Java 9 Features and Enhancements

Java 9 is bringing lots of new enhancements which are going to affect your programming style and habit, in big way. The biggest change is the modularization of Java. It’s another big change after Lambdas in Java 8. In this article, I am listing down changes which will be part of JDK 9 release.

What is new in Java 9

Java platform module system
Interface Private Methods
HTTP 2 Client
JShell - REPL Tool
Platform and JVM Logging
Process API Updates
Collection API Updates
Stream API Improvements
Multi-Release JAR Files
@Deprecated Tag Changes
Stack Walking
Java Docs Updates
Miscellaneous Other Features

Java platform module system

JPMS (Java Platform Module System) is the core highlight of new Java 9 release. It is also known as Project Jigshaw. A module is new construct like we already have packages. An application, developed using new modular programming, can be seen as collection of interacting modules with a well-defined boundaries and dependencies between those modules.

The JPMS consists of providing support for writing modular applications as well as modularizing the JDK source code as well. JDK 9 is coming with around 92 modules (changes are possible in GA release). Java 9 Module System has a “java.base” Module. It’s known as Base Module. It’s an Independent module and does NOT dependent on any other modules. By default, all other modules are dependent on “java.base”.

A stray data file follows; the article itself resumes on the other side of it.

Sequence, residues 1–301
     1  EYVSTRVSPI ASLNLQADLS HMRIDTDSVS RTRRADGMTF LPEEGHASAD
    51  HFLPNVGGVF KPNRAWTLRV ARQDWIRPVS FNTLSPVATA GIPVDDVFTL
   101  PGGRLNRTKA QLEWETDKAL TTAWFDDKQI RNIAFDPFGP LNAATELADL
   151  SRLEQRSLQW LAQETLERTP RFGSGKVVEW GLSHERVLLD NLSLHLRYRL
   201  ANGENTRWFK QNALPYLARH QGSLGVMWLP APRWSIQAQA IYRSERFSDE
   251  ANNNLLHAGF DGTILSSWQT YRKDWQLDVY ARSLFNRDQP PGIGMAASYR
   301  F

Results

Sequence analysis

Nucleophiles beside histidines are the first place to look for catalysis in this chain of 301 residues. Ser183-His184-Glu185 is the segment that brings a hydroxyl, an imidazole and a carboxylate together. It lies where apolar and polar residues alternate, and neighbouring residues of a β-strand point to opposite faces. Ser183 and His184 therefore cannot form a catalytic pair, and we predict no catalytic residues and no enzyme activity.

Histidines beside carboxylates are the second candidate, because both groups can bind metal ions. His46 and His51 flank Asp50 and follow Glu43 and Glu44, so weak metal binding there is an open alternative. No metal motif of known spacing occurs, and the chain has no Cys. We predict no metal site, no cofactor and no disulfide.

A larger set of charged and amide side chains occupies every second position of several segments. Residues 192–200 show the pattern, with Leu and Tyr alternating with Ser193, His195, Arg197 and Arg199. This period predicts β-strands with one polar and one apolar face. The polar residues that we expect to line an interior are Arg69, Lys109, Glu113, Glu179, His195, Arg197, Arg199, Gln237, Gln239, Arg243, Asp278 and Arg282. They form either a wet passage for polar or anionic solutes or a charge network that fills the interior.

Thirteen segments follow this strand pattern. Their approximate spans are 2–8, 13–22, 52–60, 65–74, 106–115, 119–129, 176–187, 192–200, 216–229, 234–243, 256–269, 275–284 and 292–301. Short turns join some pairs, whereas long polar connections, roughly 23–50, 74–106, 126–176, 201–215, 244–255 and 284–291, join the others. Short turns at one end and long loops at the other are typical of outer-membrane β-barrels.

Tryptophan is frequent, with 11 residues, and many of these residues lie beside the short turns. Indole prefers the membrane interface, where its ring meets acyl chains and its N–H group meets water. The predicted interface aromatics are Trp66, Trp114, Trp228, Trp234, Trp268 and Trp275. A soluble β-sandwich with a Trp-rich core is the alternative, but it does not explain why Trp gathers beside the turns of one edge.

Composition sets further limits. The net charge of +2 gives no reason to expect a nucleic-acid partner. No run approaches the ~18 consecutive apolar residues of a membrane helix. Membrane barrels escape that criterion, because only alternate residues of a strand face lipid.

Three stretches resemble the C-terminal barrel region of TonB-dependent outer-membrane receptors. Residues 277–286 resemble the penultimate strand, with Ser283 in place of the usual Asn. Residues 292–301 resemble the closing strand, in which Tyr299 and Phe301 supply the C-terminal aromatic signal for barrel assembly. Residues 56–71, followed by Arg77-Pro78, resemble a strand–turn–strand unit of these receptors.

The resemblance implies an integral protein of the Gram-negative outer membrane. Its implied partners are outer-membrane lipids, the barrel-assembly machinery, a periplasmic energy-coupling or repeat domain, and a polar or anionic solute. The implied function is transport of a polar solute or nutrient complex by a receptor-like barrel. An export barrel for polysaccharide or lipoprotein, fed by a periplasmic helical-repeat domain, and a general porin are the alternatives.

In java modular programming-

  1. A module is typically just a jar file that has a module-info.class file at the root.
  2. To use a module, include the jar file into modulepath instead of the classpath. A modular jar file added to classpath is normal jar file and module-info.class file will be ignored.

Typical module-info.java classes looks like this:

module helloworld {
    exports com.howtodoinjava.demo;
}
 
module test {
    requires helloworld;
}

Read More: Java 9 Modules Tutorial

Interface Private Methods

Java 8 allowed you to write default methods in interfaces, and it was widely appreciated feature. So after this, interfaces only lack few things and only non-private methods was one of them. Java 9 onward, you are allowed to include private methods in interfaces.

These private methods will improve code re-usability inside interfaces. Foe example, if two default methods needed to share code, a private interface method would allow them to do so, but without exposing that private method to it’s implementing classes.

Using private methods in interfaces have four rules :

  1. Private interface method cannot be abstract.
  2. Private method can be used only inside interface.
  3. Private static method can be used inside other static and non-static interface methods.
  4. Private non-static methods cannot be used inside private static methods.

An example of using private methods in interfaces –

public interface CustomCalculator 
{
    default int addEvenNumbers(int... nums) {
        return add(n -> n % 2 == 0, nums);
    }
 
    default int addOddNumbers(int... nums) {
        return add(n -> n % 2 != 0, nums);
    }